By Dan Oakes, ABC Investigations 5h ago, updated 19m ago
The federal government has been urged to secure supplies of COVID therapy drugs amid fears Australia could be left at the back of the queue as the world’s focus turns from vaccines to medicines to treat the disease.
- Vaccination may be ineffective for immuno-compromised people, which is about 4 per cent of the population
- Antibodies that are administered intravenously are already in use in the United States
- Singapore has signed a pre-purchase agreement for one drug, while the European Commission has purchased doses of another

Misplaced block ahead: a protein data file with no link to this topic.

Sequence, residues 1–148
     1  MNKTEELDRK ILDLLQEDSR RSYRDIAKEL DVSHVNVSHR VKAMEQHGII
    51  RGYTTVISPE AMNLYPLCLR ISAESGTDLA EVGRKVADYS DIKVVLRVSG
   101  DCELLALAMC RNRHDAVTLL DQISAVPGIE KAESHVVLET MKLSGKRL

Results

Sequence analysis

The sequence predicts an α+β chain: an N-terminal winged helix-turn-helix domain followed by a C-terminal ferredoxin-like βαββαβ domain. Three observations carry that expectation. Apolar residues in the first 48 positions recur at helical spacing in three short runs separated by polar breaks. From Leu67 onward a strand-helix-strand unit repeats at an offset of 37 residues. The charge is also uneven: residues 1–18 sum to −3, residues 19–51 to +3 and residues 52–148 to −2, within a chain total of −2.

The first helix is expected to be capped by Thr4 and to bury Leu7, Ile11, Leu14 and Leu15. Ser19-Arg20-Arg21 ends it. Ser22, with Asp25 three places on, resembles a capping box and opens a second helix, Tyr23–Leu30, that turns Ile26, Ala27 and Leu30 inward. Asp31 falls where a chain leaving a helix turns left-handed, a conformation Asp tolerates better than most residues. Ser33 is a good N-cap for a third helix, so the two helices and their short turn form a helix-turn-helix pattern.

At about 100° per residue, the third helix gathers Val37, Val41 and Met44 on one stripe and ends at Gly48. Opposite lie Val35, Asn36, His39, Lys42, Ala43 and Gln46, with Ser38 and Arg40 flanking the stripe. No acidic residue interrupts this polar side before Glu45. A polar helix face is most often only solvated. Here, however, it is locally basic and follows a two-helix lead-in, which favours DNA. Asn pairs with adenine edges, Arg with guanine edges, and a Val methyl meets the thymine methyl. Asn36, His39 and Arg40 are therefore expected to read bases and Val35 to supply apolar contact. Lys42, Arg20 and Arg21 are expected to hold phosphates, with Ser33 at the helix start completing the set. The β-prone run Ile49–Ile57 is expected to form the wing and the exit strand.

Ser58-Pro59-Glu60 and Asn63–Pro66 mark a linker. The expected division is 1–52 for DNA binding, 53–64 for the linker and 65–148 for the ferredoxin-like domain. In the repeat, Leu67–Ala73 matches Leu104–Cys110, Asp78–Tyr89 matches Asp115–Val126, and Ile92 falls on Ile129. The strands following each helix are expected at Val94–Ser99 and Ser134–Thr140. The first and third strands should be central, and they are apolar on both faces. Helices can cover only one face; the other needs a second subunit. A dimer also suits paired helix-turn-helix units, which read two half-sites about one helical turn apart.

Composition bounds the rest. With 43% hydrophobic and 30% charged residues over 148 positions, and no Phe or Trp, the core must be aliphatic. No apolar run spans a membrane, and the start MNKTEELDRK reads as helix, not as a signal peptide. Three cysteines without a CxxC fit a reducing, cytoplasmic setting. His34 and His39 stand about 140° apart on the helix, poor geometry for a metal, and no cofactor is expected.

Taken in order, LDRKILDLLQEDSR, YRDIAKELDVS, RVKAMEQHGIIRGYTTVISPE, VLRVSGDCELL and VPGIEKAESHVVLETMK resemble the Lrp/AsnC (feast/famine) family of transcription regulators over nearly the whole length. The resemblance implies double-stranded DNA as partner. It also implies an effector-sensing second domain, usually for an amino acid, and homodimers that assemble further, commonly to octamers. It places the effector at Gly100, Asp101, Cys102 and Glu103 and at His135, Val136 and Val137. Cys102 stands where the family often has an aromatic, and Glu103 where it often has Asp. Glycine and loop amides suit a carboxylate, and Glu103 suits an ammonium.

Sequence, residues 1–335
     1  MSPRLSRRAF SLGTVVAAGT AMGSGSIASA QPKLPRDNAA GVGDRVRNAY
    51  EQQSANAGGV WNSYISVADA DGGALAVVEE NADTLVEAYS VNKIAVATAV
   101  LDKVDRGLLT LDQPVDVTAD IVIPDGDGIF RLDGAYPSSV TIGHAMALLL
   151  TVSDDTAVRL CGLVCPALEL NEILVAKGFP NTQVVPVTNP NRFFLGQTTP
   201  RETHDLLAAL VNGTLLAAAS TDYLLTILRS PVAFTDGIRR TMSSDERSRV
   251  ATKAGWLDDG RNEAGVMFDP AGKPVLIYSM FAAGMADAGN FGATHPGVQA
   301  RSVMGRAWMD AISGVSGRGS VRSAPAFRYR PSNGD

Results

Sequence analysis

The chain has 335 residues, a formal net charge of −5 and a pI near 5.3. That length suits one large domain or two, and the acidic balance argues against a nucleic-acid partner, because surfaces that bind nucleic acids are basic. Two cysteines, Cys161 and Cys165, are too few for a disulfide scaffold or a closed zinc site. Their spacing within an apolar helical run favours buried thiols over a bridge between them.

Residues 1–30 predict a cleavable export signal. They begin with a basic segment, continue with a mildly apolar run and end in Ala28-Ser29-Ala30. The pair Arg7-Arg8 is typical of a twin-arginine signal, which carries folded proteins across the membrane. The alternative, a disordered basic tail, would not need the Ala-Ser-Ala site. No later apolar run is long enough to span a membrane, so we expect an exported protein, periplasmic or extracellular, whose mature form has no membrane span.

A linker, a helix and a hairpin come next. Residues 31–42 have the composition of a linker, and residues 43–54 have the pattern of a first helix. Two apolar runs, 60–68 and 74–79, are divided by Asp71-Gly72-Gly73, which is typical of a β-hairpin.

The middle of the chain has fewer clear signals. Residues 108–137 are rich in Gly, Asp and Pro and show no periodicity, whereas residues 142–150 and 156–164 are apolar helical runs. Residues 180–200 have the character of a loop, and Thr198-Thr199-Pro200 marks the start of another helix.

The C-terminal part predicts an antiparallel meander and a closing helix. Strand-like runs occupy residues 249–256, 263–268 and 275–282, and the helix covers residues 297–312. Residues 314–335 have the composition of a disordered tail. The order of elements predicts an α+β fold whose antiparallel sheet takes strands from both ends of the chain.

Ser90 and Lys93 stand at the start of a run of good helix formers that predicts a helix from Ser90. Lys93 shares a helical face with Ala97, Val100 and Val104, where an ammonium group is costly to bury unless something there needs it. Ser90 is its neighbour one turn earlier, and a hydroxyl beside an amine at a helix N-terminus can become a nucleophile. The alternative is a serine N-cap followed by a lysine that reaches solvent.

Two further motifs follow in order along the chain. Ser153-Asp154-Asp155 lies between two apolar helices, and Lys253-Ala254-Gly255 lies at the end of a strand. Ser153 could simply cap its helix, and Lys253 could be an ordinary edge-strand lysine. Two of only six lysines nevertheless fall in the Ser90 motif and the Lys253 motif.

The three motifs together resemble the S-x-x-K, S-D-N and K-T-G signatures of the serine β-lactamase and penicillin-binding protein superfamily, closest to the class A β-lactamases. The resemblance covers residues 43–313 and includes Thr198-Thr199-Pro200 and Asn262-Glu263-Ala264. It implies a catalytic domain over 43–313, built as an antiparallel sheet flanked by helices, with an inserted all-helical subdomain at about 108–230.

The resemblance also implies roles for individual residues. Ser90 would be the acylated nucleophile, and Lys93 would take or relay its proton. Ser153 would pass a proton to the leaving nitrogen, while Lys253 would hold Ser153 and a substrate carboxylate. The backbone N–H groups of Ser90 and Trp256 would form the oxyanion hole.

Pharmaceutical giant GlaxoSmithKline, which has struck an agreement with the Singaporean Government to supply one promising treatment, says it’s unclear if the Australian Government will buy its drug.
Currently there’s only one treatment used widely for COVID patients, a steroid called Dexamaethasone which treats inflammation of the lungs.
However, the drug is only effective on patients who are suffering severe symptoms and are receiving oxygen.
Experts say that as Australia moves towards a future where COVID is ever-present in the community, there is an urgent need for drugs to treat milder, yet more infectious, cases.
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